The Dark Side of Mentoring and Coaching

With all the helpful, energizing, and success-boosting qualities provided by mentoring and coaching experiences, there is a “dark side.” No mentoring or coaching experience is completely positive or negative. Rather, these experiences live along a continuum between the ideally wonderful, helpful experience and the negative, unhelpful experience. 

If you want a high-quality mentoring or coaching experience or if you want to provide such for someone, keep in mind the character qualities and practice qualitiesof a great mentor or coach and beware the “dark side.” From the literature and my research, there are a number of “dark side” issues that can cripple the growth experience associated with mentoring and coaching if the service provider and client are not aware and working on personal and relational issues that may come as the proverbial ‘wolf in sheep’s clothing.”

As you consider the following, keep in mind that the mentoring and coaching experiences in a corporate setting most often have distinctive differences in method and purpose as compared to mentoring and coaching outside the corporate setting. In corporate settings mentors are often assigned. Outside the corporate setting they can be chosen by the protégé or client. Some of the “dark side” issues may be more pronounced in a setting where the mentor or coach is assigned.

Some key “dark side” issues are:

  • Not every shingle is credible. In this day, you would be wise to check into the credentials of your mentor or coach. Be reminded that not every sharp, technically savvy, subject matter expert can be a truly helpful mentor or coach. In the same vein, be aware that anyone can hang out their shingle proclaiming them as a mentor and coach. Look for high levels of training and credentials indicating they are accountable to others, conduct an interview, and check references.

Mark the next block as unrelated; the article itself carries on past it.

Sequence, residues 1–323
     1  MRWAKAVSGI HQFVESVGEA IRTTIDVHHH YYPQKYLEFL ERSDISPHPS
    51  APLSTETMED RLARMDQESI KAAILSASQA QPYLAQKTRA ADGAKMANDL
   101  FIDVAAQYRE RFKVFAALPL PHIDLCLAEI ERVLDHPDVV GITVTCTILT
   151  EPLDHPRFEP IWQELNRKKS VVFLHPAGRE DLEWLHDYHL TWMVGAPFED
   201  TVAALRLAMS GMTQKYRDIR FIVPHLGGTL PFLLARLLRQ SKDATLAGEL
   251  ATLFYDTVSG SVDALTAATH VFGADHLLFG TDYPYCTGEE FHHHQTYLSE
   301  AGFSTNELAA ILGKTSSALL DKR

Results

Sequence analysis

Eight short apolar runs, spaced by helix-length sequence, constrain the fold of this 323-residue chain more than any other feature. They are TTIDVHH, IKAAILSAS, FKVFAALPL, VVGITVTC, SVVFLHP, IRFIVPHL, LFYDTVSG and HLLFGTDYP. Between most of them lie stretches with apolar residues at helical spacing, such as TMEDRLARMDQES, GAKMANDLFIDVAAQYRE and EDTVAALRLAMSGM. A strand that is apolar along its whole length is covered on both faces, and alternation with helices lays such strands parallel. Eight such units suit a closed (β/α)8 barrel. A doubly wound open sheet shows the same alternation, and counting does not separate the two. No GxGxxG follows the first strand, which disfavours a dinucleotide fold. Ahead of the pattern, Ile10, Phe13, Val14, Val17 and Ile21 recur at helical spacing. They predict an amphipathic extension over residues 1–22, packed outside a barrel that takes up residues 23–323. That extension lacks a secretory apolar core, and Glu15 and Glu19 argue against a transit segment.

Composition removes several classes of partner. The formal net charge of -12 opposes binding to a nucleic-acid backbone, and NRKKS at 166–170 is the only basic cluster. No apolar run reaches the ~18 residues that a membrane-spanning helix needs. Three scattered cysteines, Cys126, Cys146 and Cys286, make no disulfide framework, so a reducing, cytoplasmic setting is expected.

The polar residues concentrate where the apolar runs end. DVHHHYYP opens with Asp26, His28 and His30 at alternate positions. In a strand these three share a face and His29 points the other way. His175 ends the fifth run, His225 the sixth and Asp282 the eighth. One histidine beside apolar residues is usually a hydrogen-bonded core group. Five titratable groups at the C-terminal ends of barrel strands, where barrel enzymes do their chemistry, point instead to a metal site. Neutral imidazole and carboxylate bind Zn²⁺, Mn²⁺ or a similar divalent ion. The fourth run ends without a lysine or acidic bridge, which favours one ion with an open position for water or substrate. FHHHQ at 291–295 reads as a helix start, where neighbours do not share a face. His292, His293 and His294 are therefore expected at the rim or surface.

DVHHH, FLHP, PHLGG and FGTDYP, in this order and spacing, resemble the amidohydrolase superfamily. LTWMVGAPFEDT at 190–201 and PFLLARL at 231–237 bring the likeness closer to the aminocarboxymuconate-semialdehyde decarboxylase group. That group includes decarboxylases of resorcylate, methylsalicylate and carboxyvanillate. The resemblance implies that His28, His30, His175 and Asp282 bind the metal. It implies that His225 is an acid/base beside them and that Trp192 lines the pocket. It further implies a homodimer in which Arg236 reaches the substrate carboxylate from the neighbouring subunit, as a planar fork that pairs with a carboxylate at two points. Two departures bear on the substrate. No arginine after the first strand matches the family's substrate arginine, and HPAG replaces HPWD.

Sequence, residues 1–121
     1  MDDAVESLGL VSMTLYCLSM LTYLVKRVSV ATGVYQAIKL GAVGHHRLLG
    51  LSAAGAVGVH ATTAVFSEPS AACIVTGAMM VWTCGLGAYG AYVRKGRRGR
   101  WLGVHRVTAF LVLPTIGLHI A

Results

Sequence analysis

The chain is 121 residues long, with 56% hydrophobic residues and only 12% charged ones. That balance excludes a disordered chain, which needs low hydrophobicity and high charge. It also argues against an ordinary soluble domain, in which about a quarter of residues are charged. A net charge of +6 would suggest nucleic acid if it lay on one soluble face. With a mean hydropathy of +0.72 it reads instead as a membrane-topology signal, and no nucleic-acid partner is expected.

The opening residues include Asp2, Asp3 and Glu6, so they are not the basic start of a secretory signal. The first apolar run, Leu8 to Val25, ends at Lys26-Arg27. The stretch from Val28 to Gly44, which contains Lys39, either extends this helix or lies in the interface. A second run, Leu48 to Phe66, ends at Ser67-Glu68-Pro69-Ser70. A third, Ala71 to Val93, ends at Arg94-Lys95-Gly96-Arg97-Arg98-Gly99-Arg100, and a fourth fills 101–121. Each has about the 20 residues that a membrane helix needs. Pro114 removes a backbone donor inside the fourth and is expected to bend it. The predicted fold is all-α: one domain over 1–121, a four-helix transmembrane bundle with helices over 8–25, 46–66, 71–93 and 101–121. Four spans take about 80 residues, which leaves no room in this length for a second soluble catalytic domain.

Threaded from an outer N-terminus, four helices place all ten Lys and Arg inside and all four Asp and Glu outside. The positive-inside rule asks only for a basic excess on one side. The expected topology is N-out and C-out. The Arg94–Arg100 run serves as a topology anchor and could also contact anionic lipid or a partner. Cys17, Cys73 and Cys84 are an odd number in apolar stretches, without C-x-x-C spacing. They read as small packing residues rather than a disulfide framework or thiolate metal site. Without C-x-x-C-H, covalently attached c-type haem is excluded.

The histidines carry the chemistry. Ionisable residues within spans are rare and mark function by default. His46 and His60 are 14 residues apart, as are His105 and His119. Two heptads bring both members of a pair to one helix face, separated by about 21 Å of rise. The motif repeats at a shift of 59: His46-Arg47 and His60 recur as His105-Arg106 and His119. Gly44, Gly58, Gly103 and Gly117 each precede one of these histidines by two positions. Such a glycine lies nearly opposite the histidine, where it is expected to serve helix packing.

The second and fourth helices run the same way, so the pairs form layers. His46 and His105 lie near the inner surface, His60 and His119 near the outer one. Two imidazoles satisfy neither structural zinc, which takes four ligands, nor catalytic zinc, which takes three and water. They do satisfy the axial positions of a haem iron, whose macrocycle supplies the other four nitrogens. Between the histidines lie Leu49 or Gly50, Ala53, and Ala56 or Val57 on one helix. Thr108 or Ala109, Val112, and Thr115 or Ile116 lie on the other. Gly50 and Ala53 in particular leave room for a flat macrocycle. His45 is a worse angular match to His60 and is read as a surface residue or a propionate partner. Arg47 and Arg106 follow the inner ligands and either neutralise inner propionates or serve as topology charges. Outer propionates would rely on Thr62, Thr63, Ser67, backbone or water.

• Unhelpful motives. An individual may provide mentoring or coaching in order to satisfy some need in their life versus devoting their whole heart to assist the client. We all have emotional/psychological baggage, picked up along the way in life. If we are to be really helpful to a protege or client it is essential that we are very clear about what this baggage is and how it shows up in relationships.  I am not sure that a person can work this out completely on their own. Be sure your mentor or coach has a mentor or coach of their own and it is even better if they have experienced some therapy. Otherwise, the mentor or coach may be found working out their issues on you.

I will explore more of these issues in coming posts. Interviewing your prospective mentor or coach and a trial period of mentoring or coaching can help you discover if the relationship works and hopefully identify any “dark side” issues that may be in play.

Of what “dark side” issues are you aware?

How do you avoid the “dark side” of mentoring or coaching?

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